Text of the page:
Negative impact? Australian complementary healthcare practitioners reveal concerns over TGA reforms

By Cheryl Tay contact

- Last updated on GMT

The TGA's online survey was conducted in June and July last year and published in December. ©Getty Images
The TGA's online survey was conducted in June and July last year and published in December. ©Getty Images

Related tags: Regulation, Complementary medicines, Australia

Almost 60% of complementary healthcare practitioners in Australia think recent reforms by the Therapeutic Good Administration (TGA) have had an adverse impact on the industry, according to the regulator's own stakeholder survey.

The online survey, conducted in June and July last year and published in December, sought feedback on a number of areas, including TGA reforms, information, business services, and website

Respondents included industry professionals such as complementary healthcare practitioners, medical practitioners, pharmacists, medical product manufacturers, academics, regulatory affairs consultants, and industry association representatives.

Professional perceptions

Nearly half (47%) the complementary healthcare practitioners who participated in the survey disagreed that the TGA's reforms had been beneficial, though 57% agreed they had had an "adverse impact" ​on the industry.

At the same time, 41% disagreed that they had received adequate information on these reforms from the regulatory body, and 27% of the medical practitioners and 23% of the retailers who responded also disagreed that they had gotten sufficient relevant information from the TGA.

When it came to the question of whether or not the reforms had provided adequate preparation for change, 16% of the medical practitioners and 29% of the complementary healthcare practitioners disagreed.

In contrast, only 8% of the medical product manufacturers disagreed that the reforms had been beneficial, 20% disagreed that they had had an "adverse impact"​ on the industry, 8% disagreed that it had prepared them for changes, and 15% disagreed that they had received sufficient information on the reforms.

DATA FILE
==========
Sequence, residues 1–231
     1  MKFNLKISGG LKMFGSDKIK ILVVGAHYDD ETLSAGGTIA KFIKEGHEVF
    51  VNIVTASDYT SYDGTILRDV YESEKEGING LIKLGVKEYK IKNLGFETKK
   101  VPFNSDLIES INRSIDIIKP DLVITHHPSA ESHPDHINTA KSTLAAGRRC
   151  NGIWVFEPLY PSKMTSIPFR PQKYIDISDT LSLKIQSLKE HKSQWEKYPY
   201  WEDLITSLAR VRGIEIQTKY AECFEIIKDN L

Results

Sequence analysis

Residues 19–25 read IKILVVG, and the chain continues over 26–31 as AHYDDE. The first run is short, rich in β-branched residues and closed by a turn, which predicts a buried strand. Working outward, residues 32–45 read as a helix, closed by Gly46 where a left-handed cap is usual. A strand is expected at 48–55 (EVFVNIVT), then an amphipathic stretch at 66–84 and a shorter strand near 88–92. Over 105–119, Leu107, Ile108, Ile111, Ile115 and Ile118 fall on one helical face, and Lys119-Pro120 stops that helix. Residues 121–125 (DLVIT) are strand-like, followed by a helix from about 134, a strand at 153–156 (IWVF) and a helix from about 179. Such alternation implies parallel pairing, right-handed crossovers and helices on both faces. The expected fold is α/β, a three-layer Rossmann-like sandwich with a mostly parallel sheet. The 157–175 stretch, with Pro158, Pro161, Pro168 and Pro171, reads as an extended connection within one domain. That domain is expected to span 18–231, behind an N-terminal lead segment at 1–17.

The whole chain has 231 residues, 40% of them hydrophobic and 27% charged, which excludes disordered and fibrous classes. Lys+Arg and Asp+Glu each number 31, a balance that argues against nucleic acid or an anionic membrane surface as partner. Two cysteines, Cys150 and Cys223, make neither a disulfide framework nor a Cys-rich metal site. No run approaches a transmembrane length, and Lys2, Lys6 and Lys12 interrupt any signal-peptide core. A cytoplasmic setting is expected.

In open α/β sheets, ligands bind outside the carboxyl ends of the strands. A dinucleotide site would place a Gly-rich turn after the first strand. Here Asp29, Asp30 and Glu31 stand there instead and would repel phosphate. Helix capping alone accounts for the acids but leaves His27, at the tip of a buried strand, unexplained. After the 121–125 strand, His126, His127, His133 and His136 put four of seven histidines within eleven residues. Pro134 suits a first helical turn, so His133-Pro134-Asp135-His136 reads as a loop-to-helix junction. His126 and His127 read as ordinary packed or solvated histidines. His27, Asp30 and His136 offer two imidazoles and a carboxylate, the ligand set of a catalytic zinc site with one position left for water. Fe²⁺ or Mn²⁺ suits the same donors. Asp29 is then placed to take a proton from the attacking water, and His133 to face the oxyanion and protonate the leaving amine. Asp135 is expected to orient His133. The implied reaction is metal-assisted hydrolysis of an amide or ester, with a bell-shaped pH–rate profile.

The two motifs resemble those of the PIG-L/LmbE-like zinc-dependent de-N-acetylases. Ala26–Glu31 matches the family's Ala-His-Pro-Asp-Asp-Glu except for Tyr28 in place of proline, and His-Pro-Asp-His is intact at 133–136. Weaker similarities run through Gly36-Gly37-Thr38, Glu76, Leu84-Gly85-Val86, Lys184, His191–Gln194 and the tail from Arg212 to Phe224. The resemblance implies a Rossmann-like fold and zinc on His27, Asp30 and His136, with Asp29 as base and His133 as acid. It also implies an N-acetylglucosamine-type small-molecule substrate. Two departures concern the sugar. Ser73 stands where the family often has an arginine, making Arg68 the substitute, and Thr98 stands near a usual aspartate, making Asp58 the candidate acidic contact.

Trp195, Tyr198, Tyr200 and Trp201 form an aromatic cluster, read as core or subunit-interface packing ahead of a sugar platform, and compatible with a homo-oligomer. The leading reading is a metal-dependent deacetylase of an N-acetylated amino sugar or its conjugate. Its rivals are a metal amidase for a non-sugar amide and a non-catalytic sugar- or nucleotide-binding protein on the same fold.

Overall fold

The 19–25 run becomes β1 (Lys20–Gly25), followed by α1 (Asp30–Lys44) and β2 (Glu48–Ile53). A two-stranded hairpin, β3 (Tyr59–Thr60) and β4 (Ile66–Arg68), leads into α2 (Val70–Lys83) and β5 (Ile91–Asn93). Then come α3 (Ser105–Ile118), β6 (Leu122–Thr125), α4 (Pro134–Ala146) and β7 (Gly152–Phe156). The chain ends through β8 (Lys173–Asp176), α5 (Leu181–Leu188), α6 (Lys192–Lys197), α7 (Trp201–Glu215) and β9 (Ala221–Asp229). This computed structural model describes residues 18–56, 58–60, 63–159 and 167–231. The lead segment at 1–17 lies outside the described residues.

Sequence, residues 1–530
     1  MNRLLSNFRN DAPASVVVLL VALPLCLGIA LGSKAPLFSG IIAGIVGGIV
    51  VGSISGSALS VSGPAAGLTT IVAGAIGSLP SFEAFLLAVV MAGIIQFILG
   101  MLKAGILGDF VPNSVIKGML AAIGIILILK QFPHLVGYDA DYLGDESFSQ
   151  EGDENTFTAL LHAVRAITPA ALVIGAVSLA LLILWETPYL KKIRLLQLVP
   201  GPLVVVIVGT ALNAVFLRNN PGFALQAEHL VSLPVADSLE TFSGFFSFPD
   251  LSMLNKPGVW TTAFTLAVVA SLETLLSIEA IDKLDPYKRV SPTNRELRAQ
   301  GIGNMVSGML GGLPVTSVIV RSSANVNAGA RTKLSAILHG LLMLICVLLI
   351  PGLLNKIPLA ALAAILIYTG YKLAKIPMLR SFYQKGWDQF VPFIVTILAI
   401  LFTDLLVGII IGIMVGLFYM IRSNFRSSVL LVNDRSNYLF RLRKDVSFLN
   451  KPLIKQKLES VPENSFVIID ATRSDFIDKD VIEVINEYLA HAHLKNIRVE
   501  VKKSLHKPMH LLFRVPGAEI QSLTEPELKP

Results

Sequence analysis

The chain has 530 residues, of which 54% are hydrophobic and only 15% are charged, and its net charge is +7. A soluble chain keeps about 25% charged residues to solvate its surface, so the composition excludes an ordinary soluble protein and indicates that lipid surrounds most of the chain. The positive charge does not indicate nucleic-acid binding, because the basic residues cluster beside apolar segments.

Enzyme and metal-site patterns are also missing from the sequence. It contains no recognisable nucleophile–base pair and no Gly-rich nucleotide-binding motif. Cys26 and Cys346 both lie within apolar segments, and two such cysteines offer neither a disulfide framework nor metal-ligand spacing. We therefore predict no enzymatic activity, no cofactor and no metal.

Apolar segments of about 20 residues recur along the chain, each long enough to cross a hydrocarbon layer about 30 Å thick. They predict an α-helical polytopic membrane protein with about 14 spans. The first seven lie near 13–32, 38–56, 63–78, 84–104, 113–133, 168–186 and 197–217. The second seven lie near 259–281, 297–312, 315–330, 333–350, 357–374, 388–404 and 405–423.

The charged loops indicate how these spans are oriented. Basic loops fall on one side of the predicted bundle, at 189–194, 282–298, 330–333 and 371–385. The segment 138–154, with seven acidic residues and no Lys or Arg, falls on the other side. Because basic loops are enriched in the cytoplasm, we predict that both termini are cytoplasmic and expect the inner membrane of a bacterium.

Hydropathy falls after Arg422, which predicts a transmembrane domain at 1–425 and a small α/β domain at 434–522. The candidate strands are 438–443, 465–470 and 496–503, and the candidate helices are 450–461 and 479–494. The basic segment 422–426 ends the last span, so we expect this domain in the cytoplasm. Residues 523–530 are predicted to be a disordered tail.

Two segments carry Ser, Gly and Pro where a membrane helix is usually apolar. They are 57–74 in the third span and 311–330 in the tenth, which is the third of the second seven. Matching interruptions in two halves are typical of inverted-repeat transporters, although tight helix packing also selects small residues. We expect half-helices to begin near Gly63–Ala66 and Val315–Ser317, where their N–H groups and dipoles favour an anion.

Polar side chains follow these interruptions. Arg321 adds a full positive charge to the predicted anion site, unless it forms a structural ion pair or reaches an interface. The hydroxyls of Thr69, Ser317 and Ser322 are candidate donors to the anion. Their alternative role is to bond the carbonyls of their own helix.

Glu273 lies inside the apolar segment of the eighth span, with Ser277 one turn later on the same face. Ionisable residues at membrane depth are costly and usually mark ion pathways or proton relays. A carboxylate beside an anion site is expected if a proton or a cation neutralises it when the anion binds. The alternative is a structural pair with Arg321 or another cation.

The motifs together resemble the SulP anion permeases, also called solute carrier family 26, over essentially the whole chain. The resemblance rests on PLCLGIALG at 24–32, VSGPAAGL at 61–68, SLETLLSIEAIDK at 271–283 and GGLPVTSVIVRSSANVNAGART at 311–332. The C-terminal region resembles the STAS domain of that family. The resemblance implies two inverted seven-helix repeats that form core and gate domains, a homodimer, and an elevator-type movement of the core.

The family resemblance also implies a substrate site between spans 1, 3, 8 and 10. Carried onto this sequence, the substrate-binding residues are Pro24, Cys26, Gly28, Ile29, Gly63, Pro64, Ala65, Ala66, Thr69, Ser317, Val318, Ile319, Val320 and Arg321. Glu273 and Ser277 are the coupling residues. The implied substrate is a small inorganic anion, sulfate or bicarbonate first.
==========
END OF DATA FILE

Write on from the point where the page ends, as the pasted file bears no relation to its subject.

Reviewing the reforms

In addition to this, the survey respondents were also asked to name the areas of reform that most interested them, in order to help the TGA better assess how these industry professionals perceived recent reforms.

Respondents tended to be interested in multiple reform areas, with 40.9% expressing interest in two or more such areas — product sponsors, regulatory affairs consultants, industry association representatives, pharmacists, medical practitioners and complementary healthcare practitioners expressed the highest overall levels of interest.

Chief among these areas was establishing a priority review pathway for medicines and medical devices, in which 43% of the respondents indicated interest.

The TGA report on the survey also noted that this area was nearly twice as likely to be of interest to the respondents than the other areas, and was the "most commonly identified reform amongst all major stakeholder groups"​.

Other areas of reform that attracted significant interest included the list of permitted indications for listed medicines, the provisional approved pathway for certain medicines, and new Category C notifications for the Special Access Scheme (SAS).

The report further stated: "Most notably, (the small numbers of) pharmacists and regulatory affairs consultants express high levels of interest across the range of reform areas."

Additionally, pharmacists, complementary healthcare practitioners, regulatory affairs consultants and industry association representatives were most interested in permitted indications for listed medicines.

Pathways and permissions

The TGA's latest stakeholder survey was conducted after a series of regulatory reforms implemented throughout 2018.

From as early as February, a Therapeutic Goods Amendment​ (2017 Measures No. 1) Bill 2017 was passed under the Medicines and Medical Devices Review (MMDR), detailing amendments for the provision of a new approval pathway for listing complementary medicines that featured higher therapeutic indications and health claims.

This essentially created a middle ground​ between the low-risk listed classifications for complementary medicines and higher-level pharmaceutical classifications.

Other legislative changes included a new assessed pre-market pathway for listing complementary medicines on the Register of Therapeutic Goods, permitted indications for listed medicines, and the assessed listed evaluation pathway.

The TGA is also considering permitting claims that would allow manufacturers to commercially differentiate products that have had their efficacy assessed under the new listed pathway.

In the coming year, the regulator will address other potential changes under the MMDR, such as an enhanced post-market monitoring scheme for listed medicines, and a list of countries and jurisdictions from which it will accept reports under the government’s policy of accepting 'trusted international standards and products'.

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